In any case, I rest comfortable in the compatibilist view of free-will until someone can concretely relate how the uncertainty principle precludes that possibility.
As I see it, our greatest desires are a result of a combination of environmental and internal causes (chemical, biological, hereditary). Therefore, the factors that bring about our desires are a product if factors within our but also independent of our own volition. Can we be held responsible if it is God that ordained the deterministic causes for our desires and subsequently our decisions. I would say strongly that the answer would be a resounding yes. Why would we not be held accountable for decisions we made? We made them regardless of whether they are preordained or not.

Wednesday, March 28, 2012

Ambiguity of Revelation

This has been a topic that has often fascinated me. Why would God seemingly create order, design, and good in a universe but also allow the existence of disorder, chaos, and the things that we collectively define as evil? This seems counterintuitive for a deity that is "not wanting anyone to perish, but everyone to come to repentance" (2 Peter 3:9) Why then do we have this apparent ambiguity?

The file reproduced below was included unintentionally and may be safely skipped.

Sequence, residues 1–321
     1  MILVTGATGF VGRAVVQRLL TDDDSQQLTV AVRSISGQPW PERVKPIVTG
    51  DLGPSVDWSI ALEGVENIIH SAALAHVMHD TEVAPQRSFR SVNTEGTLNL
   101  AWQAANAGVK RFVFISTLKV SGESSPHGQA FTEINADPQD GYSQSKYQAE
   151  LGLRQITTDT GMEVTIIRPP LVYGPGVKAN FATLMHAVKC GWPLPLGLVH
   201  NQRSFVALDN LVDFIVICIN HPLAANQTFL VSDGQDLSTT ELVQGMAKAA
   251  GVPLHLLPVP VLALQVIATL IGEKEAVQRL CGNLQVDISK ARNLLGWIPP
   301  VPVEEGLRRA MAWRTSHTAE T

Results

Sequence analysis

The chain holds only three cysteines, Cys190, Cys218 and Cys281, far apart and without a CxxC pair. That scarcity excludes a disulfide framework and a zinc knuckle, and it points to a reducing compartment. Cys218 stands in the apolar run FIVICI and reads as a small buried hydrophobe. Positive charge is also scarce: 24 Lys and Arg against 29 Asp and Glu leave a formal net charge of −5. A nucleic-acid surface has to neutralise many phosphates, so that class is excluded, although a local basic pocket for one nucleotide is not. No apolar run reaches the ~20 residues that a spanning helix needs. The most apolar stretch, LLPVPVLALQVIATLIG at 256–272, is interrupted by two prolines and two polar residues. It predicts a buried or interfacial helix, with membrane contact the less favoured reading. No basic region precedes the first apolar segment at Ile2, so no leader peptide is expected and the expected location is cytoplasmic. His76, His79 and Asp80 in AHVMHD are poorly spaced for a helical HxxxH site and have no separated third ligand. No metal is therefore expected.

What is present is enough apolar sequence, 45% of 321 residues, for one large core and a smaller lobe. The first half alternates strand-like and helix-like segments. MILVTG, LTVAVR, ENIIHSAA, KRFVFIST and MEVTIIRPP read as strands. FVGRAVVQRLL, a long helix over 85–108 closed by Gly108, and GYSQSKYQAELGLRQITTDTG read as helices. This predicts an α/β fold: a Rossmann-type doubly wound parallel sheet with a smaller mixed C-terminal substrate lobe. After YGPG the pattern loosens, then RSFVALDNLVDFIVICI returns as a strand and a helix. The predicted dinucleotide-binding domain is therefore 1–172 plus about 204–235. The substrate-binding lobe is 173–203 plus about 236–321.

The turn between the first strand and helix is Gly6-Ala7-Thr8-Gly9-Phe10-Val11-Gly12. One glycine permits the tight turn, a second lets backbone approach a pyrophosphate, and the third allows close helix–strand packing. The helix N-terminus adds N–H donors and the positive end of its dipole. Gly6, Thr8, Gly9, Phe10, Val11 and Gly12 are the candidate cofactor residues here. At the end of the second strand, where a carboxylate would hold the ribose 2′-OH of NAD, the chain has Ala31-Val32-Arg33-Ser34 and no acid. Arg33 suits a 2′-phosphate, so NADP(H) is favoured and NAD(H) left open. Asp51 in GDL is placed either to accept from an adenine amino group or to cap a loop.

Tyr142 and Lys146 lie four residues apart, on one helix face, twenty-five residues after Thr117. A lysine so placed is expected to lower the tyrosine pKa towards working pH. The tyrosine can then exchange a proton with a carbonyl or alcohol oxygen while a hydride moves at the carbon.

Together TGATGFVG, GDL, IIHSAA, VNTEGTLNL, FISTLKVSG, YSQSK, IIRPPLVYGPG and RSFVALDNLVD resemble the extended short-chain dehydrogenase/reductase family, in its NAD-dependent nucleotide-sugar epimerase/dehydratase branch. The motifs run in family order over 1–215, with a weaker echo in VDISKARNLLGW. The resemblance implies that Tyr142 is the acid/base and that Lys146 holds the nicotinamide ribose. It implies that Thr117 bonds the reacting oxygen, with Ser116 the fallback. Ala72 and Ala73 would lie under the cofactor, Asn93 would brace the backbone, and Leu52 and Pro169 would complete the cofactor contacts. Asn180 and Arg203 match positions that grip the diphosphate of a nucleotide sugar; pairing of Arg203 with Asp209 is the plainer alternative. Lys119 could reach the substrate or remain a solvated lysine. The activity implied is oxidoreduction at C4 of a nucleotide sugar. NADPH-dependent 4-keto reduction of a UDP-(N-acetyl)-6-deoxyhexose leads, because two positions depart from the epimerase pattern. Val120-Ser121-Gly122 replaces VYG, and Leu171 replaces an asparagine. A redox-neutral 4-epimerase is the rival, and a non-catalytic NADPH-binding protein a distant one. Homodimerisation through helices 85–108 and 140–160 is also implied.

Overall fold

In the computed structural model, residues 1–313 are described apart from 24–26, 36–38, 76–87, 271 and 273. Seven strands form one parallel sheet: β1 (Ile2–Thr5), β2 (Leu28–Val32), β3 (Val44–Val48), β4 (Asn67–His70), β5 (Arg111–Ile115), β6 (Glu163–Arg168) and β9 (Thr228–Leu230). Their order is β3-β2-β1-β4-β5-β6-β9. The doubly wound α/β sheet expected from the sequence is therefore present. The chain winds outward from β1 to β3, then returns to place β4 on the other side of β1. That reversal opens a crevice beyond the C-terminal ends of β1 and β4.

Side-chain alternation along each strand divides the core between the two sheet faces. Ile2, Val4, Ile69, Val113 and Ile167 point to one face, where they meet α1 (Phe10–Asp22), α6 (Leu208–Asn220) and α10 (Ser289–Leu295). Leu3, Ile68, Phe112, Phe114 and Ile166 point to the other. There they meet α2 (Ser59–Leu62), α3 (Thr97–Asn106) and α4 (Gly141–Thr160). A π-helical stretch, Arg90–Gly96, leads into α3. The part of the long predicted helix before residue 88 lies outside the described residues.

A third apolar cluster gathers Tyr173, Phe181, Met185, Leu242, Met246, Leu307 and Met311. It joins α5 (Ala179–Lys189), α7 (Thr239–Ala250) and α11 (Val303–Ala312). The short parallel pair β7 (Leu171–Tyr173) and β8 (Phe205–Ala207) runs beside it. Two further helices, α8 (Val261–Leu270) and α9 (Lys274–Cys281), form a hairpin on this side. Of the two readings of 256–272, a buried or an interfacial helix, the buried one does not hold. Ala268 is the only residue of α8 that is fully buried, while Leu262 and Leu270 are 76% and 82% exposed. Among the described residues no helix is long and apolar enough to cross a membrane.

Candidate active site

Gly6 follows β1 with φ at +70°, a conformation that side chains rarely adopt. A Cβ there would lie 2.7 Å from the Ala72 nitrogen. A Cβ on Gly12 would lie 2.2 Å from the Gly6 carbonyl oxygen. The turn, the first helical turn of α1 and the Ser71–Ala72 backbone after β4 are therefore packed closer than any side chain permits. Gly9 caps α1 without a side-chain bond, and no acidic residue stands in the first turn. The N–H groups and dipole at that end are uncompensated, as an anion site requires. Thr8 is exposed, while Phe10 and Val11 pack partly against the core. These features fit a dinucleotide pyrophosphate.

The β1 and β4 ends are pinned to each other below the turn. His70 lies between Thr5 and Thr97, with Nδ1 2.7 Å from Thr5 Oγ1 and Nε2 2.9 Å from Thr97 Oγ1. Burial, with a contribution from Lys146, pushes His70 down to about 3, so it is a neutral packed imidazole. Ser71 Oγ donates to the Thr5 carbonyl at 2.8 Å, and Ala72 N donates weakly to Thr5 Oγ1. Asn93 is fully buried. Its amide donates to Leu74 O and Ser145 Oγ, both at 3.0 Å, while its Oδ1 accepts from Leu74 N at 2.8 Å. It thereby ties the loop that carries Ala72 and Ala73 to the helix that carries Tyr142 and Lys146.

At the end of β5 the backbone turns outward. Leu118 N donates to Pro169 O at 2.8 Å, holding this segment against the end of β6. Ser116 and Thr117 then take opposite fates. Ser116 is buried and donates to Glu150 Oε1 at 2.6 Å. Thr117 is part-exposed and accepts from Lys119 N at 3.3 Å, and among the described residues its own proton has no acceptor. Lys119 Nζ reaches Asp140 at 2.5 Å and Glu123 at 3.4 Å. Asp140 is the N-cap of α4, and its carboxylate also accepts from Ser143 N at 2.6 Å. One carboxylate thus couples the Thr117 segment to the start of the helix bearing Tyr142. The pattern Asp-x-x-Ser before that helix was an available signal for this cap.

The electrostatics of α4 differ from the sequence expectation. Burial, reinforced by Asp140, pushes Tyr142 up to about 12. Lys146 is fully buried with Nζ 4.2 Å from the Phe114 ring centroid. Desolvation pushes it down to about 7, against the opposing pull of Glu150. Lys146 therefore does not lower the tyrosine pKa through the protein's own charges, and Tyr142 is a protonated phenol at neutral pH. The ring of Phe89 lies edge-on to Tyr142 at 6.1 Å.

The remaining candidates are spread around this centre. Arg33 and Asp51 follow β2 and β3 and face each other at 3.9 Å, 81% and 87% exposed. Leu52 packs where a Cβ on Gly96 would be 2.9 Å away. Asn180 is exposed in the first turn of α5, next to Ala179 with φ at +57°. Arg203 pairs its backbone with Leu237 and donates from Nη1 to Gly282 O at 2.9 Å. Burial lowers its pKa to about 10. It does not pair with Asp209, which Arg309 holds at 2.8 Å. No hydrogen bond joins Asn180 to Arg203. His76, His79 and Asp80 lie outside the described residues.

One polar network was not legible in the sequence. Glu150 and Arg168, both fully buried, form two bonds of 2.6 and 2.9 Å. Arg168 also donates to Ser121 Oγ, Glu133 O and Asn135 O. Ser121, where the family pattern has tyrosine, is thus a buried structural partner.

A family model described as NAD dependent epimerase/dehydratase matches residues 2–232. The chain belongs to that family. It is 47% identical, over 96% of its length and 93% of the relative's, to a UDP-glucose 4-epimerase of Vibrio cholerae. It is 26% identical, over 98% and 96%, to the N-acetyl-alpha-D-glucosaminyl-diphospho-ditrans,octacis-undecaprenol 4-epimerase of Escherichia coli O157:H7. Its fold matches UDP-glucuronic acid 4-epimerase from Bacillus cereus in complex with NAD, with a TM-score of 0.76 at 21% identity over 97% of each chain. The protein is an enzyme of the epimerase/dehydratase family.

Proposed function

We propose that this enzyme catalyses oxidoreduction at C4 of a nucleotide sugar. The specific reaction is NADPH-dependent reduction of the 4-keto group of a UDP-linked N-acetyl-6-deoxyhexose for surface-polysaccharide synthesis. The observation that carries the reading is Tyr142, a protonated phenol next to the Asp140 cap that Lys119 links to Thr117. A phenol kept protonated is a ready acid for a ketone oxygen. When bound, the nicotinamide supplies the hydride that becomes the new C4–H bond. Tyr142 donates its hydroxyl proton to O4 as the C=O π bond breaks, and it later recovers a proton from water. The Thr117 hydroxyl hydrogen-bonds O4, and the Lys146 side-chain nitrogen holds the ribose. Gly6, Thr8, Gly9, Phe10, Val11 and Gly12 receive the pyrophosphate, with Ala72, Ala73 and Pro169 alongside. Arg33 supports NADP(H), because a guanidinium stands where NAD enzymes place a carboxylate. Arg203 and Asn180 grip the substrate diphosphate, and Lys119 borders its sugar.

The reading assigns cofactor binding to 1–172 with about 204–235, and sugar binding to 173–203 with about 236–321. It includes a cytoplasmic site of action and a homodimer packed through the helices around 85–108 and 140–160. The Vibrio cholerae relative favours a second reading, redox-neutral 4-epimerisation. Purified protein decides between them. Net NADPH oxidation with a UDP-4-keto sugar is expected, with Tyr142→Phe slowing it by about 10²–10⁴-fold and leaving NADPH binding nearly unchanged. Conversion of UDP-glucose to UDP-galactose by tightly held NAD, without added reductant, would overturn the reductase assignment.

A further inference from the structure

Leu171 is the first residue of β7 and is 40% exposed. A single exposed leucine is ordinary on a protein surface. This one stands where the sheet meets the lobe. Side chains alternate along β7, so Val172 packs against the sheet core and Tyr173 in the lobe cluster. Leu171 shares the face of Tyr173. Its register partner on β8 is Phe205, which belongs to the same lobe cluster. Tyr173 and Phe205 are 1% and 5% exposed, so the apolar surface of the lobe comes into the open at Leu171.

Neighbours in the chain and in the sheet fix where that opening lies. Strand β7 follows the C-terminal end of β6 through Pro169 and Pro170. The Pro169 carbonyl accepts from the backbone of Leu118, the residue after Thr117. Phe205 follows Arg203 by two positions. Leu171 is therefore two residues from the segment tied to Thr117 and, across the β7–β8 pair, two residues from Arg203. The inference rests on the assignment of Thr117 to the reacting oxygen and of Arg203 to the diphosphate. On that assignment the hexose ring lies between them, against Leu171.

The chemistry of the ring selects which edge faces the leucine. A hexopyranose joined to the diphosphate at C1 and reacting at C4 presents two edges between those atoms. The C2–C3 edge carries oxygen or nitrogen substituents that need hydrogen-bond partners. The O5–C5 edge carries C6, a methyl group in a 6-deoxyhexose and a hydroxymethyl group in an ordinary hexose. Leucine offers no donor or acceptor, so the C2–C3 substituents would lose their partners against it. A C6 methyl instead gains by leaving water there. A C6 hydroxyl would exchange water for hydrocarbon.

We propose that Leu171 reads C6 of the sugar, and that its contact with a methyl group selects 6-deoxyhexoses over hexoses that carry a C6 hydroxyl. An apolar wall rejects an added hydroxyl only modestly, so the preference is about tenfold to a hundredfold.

To understand this, we must also realize a few things about love. For one to love, it is necessary for the same to have the freedom to not love. There seems to be some divisive factors that cause a polarizing effect among individuals. We must examine these criteria for one to arrive at the decision to love or not love God